Finally, the Christmas mini album video is live. I was beginning to think we wouldn’t get it online until after the new year. I’ve been trying to get caught up with videos I absolutely need to do before Christmas and one of them is to make my dogs their Christmas collars. In the past, I’ve bought Christmas collars and I’ve decorated some as well. It only seems right that this year I make them their collars and show you how to make them for yourself. I made felt flowers for on their collars and show you how to make them and ways you can use them if you don’t have dogs (or cats.) I like the idea of showing you a craft that works for pets or kids, so everyone can find a use for them. I’m not sure how other people make their felt flowers, but I show you how I do it and I would bet a lot of you are thinking I could have found an easier way, but it works for me so why fix it if it’s not broke. Hey, I wonder where that saying originated. Here’s the scoop from The Phrase Finder..
If something is working adequately well, leave it alone.
Humans seem to have the urge to improve things. Prehistoric hand-axes were made by repeatedly chipping small flakes off pebbles of flint with other hard objects. Million-year-old examples of these have been found that give the impression of being ruined by being chipped just one time too many. That pang of regret we have probably all felt after spoiling something by adding that unnecessary final touch was first faced by Ugg in his cave.
The thought may be Stone Age but the phrase ‘if it ain’t broke don’t fix it‘, which sounds as though it might come from the Roosevelt or Truman era, is more recent than that. This one is widely attributed to T. Bert (Thomas Bertram) Lance, the Director of the Office of Management and Budget in Jimmy Carter’s 1977 administration. He was quoted in the newsletter of the US Chamber of Commerce, Nation’s Business, May 1977:
Bert Lance believes he can save Uncle Sam billions if he can get the government to adopt a simple motto: “If it ain’t broke, don’t fix it.” He explains: “That’s the trouble with government: Fixing things that aren’t broken and not fixing things that are broken.”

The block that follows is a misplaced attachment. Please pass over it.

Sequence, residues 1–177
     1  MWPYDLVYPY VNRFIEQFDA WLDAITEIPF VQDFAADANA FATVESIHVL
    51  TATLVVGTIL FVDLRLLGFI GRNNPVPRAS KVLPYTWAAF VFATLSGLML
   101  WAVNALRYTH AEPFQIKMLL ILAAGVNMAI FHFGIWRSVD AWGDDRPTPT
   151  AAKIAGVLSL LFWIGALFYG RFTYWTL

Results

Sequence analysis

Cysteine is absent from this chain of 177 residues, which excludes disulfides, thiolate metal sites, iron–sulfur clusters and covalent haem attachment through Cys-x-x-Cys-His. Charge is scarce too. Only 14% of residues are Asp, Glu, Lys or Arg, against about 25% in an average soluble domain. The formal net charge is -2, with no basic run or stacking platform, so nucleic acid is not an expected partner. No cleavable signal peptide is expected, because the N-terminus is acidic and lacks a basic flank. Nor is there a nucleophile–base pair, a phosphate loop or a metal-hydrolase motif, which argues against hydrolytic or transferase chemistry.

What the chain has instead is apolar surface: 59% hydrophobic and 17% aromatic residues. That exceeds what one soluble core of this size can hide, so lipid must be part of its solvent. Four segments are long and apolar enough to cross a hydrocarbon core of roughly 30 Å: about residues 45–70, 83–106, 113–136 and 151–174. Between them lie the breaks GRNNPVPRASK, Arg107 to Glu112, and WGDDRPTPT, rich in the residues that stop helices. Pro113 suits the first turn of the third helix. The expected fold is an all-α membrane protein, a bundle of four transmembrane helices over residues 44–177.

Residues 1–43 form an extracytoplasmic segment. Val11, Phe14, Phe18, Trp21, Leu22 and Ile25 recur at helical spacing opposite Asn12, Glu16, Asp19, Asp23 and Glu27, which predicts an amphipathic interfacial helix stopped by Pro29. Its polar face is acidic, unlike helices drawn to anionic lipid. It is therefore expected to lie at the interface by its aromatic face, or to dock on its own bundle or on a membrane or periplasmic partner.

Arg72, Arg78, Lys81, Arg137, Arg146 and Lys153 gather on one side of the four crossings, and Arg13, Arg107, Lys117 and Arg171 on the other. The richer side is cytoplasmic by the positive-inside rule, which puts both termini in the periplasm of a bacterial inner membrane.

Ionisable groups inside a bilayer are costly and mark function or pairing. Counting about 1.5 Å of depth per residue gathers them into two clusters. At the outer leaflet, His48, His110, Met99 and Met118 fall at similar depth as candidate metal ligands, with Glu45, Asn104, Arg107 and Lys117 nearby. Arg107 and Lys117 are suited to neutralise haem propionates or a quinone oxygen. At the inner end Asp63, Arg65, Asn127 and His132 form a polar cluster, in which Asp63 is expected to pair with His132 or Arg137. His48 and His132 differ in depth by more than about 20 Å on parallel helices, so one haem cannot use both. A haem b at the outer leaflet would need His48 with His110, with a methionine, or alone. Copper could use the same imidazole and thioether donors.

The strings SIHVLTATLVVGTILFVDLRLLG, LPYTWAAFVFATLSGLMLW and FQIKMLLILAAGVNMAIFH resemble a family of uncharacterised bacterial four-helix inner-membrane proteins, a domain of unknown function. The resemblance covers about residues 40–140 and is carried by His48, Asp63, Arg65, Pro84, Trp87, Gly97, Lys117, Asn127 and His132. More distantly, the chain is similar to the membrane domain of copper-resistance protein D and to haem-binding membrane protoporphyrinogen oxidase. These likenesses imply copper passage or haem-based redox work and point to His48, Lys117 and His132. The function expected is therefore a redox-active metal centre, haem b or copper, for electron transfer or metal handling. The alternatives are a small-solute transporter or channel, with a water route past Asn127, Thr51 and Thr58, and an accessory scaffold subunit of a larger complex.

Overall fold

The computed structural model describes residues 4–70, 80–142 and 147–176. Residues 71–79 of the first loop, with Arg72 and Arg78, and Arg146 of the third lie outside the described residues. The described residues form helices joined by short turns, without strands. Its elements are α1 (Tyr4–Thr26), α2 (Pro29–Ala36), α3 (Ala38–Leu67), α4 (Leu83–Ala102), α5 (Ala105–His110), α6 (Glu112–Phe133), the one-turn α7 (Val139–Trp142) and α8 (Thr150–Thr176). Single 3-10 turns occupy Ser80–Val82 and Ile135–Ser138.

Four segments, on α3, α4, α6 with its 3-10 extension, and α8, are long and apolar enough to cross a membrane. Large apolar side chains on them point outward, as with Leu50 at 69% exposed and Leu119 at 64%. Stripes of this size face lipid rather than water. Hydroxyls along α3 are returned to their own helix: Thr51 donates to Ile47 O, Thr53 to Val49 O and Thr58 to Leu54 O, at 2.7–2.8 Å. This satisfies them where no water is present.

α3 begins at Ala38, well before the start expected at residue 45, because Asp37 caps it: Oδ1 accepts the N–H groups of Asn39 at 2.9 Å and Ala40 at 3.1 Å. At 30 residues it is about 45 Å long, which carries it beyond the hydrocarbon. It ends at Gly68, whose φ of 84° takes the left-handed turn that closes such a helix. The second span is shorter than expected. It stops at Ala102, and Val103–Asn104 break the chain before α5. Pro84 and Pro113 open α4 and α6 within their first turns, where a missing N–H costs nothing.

Lance certainly did popularise the term but it seems to have been a colloquial phrase in the southern states of the USA before his celebrated use of it; for example, this piece is from the Texas newspaper The Big Spring Herald, December, 1976:
“We would agree with the old Georgia farmer who said his basic principle was ‘If it ain’t broke, don’t fix it.'”
Several correspondents from the southern states of the USA have commented that they recall the phrase from well before 1977 – some saying the 1930s. That may be misremembering (which is commonplace in the dating of recently coined phrases) or it may be that the phrase existed in common parlance but not in print. It would be surprising for a phrase to exist in the spoken language for the best part of 50 years before it appeared in print. The Internet has changed the way that new coinages spread and these days a datable record of a new phrase will be apparent within a day or two. Even in the days of newsprint, 50 years is hard to swallow. Here is an barchart of the hits that a search for ‘if it ain’t broke, don’t fix it’ finds in an very large archive of 20th century newspapers:
I would suggest that the notion and possibly a variant of the phrase may well have been around for some time before the 1970s, but that the present-day wording of the phrase began then.
George Bernard Shaw’s ‘two countries divided by a common language’ comes into play here. The phrase has to be American. In England things don’t get broke, they get broken. I know that ‘ain’t broke’ is intended as a knowing southern yokelism, as opposed to ‘proper’ American, but it is one that wouldn’t have originated anywhere else.
<grumpy old man mode>When US websites ask ‘Forgot Your Password?’ I always mutter “No, but I have forgotten it”.</grumpy old man mode>
In a few short years, ‘if it ain’t broke, don’t fix it’ has, even in the UK, become so established a part of the language as to have become a cliché, which is an unusually quick ascent and descent. Nevertheless, it’s a close call as to whether Lance is now best remembered as coining that phrase or for William Safire’s pithy description of him as ‘Carter’s broken Lance’ after his resignation in 1977, following the Calhoun National Bank corruption scandal.